We could hardly believe our luck in the fall of 2015, when we first discovered these fantastic little clusters of wild perry pears. Up on the ridge, behind the old homestead, soaring high above any of the other fruit trees there it was – an old grove clustered together beside the tangled, rusted remains of a post and wire fence, and what would have been the old barnyard.
Guessing by the height of them we estimate they must be at least 60 years old. Jackpot! Perry pears are endearingly known amongst orchardists and cidermakers alike, to be something you plant not for yourself – but for your heirs, as they take years, sometimes decades before they begin to fruit.
The origin of these pears is as yet unknown, were they at one point cultivated, or are they just naturalized wildings? Most likely, they feral descendants of a European cultivar – either pyrus communis or pyraster, both varieties are often found naturalized in hedgerows and open woodlands.
Either way, they are an interesting tree. Similar to apples, wild pears are a member of the Rosaceae family, but typically produce clusters of small 2-4cm pears that are often quite hard until they ripen mid-autumn.
When we came upon them in early November, most except the highest clusters had already fallen to the ground. Upon tasting them we were surprised to discover how sweet they actually are – full of true pear flavor, with slightly spicy finish. Followed by the hit of sweetness, there’s an element of bitterness and the sort of astringency that makes your mouth feel as though its been turned inside out. Sounds terrible I know, but this was an exciting revelation as all of these characteristics are what make for an excellent perry. Always having had a soft spot for cider’s more sophisticated cousin, we just knew we had to see what they would become with the help of the transformative powers of fermentation.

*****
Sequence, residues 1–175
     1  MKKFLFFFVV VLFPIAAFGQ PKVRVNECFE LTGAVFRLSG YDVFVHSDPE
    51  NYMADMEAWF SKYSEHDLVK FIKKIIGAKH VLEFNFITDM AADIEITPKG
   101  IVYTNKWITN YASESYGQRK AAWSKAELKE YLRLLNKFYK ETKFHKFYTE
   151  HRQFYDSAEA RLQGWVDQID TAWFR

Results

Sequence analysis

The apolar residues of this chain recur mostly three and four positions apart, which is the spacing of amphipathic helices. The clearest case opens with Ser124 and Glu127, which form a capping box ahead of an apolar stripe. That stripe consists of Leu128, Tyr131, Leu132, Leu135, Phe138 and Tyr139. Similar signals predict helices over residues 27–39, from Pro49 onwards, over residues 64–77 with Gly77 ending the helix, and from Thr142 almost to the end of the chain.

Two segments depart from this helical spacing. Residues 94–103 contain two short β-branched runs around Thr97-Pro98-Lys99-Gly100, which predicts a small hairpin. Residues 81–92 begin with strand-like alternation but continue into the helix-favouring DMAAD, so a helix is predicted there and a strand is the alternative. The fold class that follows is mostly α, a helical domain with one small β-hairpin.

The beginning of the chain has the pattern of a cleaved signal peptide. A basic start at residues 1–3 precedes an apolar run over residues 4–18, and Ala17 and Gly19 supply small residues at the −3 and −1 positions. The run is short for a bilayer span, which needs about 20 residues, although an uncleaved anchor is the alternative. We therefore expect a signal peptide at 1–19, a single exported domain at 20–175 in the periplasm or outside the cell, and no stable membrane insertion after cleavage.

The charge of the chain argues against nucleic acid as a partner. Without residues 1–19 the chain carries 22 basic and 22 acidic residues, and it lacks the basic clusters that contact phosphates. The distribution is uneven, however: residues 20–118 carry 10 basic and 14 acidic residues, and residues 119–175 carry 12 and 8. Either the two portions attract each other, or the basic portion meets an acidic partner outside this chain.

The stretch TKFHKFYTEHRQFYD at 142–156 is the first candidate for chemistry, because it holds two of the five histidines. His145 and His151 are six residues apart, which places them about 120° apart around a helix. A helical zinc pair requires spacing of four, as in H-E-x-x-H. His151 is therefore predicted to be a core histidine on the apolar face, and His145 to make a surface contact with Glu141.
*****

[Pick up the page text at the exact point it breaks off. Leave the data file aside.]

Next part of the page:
It was another full year before we could harvest these beauties again, which we did in the fall of 2016 to product our first vintage. The pears were carefully gathered late October, once a couple of frosts had hit the trees. There was some speculation as to how the pears would press – most dessert pears are finicky and labour intensive, their soft pulp gumming up the press and definitely not the presser’s favorite! But their dry and gritty texture worked beautifully on the rack and cloth press, and once pressed the juice was thick and a deep golden hue, you could almost taste the rich pear flavor just looking at it.
We then let it ferment slowly over the next 4 months, and aged another 4 months on the lees to allow the flavours and textures to develop fully.
My friends, let me tell you, it was worth the wait.
Our 2016 Old Orchard Perry is fragrant and floral, delicate and refined when compared to cider - with true pear aroma and a hint of spice. Produced using the ‘methode traditionelle’ – whereby we add a dosage with a little yeast to the finished perry and allow it to undergo a secondary fermentation in the bottle to create natural fine carbonation. The resulting tipple is more comparable to a brut sparkling wine or champagne with wonderful soft tiny bubbles that linger.
We hope you enjoy it as much as we do. Now available in our online shop!